In sooth, he might: then, if he were my broI put you o'er to heaven, and to my mother;
(father, Of that I doubt, as all men's children may.
My brother might not claim him; nor your Eli. Out on thee, rude man! thou dost shame
Being none of his, refuse him: This conthy mother,
cludes, And wound her honour with this diffidence.
My mother's son did get your father's heir; Bast. I, madam? no, I have no reason for it; Tour
Your father's heir must have your father's That is my brother's plea, and none of mine;
land. The which if he can prove, ’a pops me out
Rob. Shall then my father's will be of no At least from fair five hundred pound a year : To dispossess that child which is not his ?
force, Heaven guard my mother's honour, and my
Bast. Of no more force to dispossess me, Sir, land! K. John. A good blunt fellow :- Why, being
Than was his will to get me, as I think.
| Eli. Whether hadst thou rather,-be a Faul. younger born, Doth he lay claim to thine inheritance ?
conbridge, Bast. I know not why, except to get the land. | And like thy brother, to enjoy thy land: But once he slander'd me with bastardy :
Or the reputed son of Coeur-de-lion, But whe'r* I be as true-bégot, or no,
Lord of thy presence,* and no land beside? That still I lay upon my mother's head;
Bast. Madam, an if my brother had my shape, But, that I am as well begot, my liege,
And I had his, Sir Robert his, like him; (Fair fall the bones that took the pains for me!)
And if my legs were two such riding-rods, Compare our faces, and be judge yourself.
My arms such eel-skins stufl'd; my face so If old Sir Robert did beget us both, And were our father, and this son like him ;
That in mine ear I durst not stick a rose, O old Sir Robert, father, on my knee
Lest men should say, Look, where three-farI give heaven thanks, I was not like to thee.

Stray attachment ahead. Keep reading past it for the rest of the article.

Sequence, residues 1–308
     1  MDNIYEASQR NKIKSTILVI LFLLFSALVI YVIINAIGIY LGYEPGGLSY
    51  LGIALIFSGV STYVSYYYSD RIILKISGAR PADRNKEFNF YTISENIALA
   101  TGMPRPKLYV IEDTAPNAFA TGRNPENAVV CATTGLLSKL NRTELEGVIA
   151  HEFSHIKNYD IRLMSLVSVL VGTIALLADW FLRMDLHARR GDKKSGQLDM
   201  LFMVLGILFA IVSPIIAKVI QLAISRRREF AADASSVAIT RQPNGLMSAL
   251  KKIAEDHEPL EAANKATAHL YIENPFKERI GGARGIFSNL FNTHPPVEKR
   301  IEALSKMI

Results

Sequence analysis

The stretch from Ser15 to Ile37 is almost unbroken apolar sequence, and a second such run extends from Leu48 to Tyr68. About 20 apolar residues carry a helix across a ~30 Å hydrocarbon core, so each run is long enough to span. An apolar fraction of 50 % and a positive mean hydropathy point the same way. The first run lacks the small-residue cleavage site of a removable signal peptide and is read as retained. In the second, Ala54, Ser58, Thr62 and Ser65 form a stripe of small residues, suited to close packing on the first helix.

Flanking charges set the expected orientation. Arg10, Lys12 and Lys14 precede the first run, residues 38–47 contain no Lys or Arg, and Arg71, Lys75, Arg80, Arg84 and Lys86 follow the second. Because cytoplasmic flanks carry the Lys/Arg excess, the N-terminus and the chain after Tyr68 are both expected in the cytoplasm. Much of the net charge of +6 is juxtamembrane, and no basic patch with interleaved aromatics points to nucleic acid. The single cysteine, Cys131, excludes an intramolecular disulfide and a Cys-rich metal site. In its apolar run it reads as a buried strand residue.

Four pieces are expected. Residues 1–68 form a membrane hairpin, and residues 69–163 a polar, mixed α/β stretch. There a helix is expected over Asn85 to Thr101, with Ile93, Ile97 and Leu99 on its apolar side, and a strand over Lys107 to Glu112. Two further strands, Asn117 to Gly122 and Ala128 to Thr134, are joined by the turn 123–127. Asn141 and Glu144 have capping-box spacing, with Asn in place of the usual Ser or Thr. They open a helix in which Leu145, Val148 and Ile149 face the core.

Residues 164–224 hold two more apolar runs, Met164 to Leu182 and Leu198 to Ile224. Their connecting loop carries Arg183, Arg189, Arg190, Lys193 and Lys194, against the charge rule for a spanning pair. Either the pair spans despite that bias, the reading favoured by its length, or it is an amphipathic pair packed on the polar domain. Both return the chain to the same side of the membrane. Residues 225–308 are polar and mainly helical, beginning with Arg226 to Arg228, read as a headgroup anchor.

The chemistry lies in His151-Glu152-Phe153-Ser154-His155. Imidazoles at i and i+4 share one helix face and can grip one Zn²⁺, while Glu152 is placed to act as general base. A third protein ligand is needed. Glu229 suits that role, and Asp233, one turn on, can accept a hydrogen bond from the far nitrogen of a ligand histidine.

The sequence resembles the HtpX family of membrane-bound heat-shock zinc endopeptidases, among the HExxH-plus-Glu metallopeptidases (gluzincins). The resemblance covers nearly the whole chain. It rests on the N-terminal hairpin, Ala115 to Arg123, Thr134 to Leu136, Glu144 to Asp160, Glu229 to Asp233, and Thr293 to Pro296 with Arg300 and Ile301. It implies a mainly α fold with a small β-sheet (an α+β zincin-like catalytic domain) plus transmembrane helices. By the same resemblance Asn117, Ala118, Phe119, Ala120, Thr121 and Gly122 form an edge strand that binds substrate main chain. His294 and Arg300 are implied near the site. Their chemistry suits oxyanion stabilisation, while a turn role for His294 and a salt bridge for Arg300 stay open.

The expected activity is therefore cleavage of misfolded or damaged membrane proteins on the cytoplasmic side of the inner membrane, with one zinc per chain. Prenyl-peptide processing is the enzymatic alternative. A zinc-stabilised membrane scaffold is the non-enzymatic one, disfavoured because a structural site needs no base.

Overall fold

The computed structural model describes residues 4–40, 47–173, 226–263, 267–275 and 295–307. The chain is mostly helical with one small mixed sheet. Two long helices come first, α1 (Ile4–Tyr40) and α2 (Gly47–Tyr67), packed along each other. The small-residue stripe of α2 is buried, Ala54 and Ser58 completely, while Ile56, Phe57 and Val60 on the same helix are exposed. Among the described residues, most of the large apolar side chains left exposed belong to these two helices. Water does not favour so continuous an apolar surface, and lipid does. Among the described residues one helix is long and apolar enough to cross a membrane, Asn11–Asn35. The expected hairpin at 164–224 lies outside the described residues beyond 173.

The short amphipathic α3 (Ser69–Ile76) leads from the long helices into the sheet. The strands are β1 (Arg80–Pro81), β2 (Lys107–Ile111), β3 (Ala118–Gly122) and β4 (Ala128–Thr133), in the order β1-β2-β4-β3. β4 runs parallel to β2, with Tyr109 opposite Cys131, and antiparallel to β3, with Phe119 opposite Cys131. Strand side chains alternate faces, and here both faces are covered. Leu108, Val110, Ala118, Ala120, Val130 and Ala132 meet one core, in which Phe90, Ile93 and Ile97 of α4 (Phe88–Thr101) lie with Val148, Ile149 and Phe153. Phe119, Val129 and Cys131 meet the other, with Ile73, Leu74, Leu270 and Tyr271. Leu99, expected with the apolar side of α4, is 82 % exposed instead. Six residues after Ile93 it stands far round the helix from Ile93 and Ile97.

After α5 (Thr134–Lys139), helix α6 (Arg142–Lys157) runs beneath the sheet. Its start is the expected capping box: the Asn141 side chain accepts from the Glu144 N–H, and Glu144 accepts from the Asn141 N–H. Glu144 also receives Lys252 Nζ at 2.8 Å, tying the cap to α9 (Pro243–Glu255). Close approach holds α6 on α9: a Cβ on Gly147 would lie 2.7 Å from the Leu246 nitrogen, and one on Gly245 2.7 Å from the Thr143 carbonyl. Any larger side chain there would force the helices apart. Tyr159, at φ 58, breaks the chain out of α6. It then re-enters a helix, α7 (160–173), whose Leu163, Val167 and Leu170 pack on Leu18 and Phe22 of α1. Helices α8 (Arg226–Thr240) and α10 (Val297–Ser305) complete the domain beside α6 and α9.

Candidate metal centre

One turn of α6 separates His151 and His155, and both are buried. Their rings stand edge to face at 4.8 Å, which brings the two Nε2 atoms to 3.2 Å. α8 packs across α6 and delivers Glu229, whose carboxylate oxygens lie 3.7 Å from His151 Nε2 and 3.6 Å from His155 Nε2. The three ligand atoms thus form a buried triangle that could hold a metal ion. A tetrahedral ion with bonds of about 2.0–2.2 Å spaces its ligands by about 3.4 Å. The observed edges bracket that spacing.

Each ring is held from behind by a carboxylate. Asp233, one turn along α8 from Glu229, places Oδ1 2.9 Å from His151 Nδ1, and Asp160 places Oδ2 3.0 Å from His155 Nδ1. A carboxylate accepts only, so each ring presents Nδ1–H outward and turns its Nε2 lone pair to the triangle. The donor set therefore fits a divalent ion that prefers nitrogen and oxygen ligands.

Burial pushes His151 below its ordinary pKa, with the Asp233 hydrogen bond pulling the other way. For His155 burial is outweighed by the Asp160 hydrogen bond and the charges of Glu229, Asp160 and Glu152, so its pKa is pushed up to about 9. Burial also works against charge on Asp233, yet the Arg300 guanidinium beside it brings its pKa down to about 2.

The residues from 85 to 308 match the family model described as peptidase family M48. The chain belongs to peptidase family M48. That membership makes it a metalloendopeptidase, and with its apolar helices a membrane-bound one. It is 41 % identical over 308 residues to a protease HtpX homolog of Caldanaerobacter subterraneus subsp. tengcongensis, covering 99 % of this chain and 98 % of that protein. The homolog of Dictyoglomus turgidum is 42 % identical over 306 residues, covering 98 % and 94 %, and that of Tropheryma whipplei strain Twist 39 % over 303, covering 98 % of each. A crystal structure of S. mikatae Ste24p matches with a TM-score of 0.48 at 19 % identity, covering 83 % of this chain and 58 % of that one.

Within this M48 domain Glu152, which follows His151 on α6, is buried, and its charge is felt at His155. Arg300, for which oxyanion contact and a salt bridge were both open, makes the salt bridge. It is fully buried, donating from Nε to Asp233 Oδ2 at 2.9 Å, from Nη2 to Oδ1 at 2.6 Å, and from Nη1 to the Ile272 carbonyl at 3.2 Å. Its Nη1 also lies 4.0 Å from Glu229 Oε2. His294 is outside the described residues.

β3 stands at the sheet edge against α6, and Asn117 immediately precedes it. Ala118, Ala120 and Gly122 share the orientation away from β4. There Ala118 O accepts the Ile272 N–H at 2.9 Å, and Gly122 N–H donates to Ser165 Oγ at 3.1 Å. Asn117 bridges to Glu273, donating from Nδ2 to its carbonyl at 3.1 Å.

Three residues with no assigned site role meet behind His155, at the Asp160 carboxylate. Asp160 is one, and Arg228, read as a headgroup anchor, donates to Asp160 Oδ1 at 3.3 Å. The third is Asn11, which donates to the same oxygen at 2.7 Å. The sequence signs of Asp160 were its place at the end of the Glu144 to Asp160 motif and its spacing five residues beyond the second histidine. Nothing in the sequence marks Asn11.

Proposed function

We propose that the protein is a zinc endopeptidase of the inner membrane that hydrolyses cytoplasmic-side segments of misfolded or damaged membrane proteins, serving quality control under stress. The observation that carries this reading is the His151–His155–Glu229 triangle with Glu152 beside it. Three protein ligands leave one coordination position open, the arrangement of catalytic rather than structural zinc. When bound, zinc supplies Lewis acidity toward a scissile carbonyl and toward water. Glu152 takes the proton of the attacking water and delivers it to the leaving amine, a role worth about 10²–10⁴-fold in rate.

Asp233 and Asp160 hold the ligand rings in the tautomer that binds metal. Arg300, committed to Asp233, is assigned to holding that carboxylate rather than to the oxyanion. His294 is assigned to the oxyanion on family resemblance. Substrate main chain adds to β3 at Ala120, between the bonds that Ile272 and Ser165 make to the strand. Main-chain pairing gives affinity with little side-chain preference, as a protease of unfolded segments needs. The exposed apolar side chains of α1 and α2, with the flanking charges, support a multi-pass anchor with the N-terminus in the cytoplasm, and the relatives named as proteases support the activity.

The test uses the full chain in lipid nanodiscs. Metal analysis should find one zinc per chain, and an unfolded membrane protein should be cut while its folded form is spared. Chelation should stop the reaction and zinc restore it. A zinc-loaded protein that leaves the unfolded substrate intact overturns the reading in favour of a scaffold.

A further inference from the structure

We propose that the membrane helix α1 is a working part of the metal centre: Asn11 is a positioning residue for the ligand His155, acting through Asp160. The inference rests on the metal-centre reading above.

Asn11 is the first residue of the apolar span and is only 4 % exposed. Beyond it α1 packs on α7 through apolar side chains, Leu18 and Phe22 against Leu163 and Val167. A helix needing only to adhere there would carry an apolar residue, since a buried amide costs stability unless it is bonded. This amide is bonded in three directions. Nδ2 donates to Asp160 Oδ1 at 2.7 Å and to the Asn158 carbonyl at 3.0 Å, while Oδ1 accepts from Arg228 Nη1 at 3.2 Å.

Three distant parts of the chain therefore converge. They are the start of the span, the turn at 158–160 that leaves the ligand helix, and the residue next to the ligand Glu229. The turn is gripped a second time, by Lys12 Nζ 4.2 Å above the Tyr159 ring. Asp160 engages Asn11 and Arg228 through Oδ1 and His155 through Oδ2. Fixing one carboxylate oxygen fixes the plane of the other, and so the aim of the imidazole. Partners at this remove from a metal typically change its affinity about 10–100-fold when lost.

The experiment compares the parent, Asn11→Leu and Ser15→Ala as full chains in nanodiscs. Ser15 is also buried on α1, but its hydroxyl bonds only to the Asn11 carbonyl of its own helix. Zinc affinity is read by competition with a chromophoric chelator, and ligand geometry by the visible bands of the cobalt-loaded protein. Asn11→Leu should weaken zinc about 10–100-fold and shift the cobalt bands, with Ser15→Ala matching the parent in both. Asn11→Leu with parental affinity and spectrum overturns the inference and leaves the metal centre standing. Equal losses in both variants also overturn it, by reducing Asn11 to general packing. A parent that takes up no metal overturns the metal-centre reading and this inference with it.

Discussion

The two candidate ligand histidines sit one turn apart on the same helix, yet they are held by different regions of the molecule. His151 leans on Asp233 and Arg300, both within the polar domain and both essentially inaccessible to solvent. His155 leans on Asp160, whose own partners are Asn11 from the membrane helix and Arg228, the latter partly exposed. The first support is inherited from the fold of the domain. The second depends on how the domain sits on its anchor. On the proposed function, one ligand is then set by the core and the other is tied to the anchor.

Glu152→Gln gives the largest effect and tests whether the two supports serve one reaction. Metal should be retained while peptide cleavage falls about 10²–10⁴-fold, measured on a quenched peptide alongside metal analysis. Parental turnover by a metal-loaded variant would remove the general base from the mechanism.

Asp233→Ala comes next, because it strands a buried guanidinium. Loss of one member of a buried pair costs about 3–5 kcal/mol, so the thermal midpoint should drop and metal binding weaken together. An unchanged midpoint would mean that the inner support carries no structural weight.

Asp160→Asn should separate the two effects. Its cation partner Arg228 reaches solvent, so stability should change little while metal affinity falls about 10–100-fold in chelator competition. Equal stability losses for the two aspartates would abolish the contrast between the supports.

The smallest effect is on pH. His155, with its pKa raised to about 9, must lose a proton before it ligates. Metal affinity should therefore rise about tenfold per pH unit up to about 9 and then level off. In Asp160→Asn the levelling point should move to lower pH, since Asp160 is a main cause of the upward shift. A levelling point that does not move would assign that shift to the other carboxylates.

things goes! K. John. Why, what a mad-cap hath heaven
| And, to his shape, were heir to all this land, lent us here!
| 'Would I might never stir from off this place, Eli. He hath a trickt of Coeur-de-lion's face,
I'd give it every foot to have this face; The accent of his tongue affecteth him :
| I would not be Sir Nobt in any case.
Eli. I like thee well; Wilt thou forsake thy Do you not read some tokens of my son In the large composition of this man?
fortune, K. John. Mine eye hath well examined his
Bequeath thy land to him, and follow me ? parts,
I am a soldier, and now bound to France. And finds them perfect Richard. Sirrah,
| Bast. Brother, take you my land, I'll take What doth move you to claim your brother's
Your face hath got five hundred pounds a Bust. Because he hath a half-face, like my
Yet sell your face for fivepence, and 'tis dear.father;
Madam, I'll follow you unto the death. With that half-face would be have all my land:
Eli. Nay, I would bave you go before me
thither. A half-faced groat five hundred pounds a year! Rob. My gracious liege, when that my father
Bast. Our country manners give our betters liva,
way..., Your brother did employ my father much;- |
K. John. What is thy name? Bast. Well, Sir, by this you cannot get my | Philip. good oid Sir Robert's wife's eldest sou.
Bast. Philip, my liege; so is my name begun; land; Your tale must be, how he employ'd my mother.
K. John. From henceforth bear his name
whose form thou bear'st: Rob. And once despatch'd him in an embassy
Kneel thou down Philip, but arise more great: To Germany, there, with the emperor, To treat of high affairs touching that time:
Arise Sir Richard and Plantagenet.
Bast. Brother, by the mother's side, give me The advantage of his absence took the king, And in the mean time sojourn'd at my father's;
your hand; Where how he did prevail, I shame to speak:
My father gave me honour, yours gave land :But truth is truth; large lengths of seas and
Now blessed be the hour, by night or day,
When I was got, Sir Robert was away. shores Between my father and my mother lay,
Eli. The very spirit of Plantagenet ! (As I have heard my father speak himself,)
I am thy grandame, Richard ; vall me so. When this same lusty gentleman was got.
Bast. Madam, by chance, but not by truth:
What though? . Whather. + Trace, outline. * Dignity of appearance.
+ Robert Uu
Something about, a little from the right,
Bast. Philip ?--sparrow !-- James, In at the window, or else o'er the hatch: There's toy's abroad ;* anon I'll tell thee more. Who dares not stir by day, must walk by night;
cit GURNEY. And have is have, however men do catch: Madam, I was not old Sir Robert's son; Near or far off, well won is still well shot; Sir Robert might have eat his part in me And I am I, howe'er I was begot.
Upon Good-friday, and ne'er broke his fast: K. John. Go, Faulconbridge; now hast thou Sir Robert could do well; Marry, (to confess!) thy desire,